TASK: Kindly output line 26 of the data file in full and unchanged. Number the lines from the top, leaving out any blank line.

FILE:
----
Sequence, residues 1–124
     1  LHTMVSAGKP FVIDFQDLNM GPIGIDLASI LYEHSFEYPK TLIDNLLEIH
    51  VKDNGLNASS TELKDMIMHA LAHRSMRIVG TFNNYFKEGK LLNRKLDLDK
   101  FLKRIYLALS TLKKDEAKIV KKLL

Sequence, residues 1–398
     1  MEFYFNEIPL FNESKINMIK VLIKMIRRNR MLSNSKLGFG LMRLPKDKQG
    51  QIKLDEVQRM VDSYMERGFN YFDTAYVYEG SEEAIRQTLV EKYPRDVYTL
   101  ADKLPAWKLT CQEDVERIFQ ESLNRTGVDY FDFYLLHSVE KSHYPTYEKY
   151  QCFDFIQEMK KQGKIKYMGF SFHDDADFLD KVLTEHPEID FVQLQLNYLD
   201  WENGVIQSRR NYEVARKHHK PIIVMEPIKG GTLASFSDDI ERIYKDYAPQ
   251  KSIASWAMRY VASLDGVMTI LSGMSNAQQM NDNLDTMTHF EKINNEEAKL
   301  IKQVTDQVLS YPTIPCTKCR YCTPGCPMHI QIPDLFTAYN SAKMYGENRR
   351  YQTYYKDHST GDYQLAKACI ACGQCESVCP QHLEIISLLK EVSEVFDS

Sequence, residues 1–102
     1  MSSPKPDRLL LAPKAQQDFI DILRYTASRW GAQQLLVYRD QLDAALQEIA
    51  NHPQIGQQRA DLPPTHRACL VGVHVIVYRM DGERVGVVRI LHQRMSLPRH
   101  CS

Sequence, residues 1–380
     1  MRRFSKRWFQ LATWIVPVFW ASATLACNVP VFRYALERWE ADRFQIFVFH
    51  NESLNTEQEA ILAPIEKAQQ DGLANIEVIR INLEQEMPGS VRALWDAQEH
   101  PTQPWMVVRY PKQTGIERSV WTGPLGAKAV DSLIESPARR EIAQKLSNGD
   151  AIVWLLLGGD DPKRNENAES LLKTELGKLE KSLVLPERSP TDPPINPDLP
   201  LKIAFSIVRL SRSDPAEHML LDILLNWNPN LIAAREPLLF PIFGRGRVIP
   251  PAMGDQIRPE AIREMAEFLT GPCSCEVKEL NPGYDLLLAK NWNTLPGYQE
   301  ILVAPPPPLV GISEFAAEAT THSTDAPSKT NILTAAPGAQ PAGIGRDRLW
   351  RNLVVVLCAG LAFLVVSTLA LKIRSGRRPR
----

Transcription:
   351  RNLVVVLCAG LAFLVVSTLA LKIRSGRRPR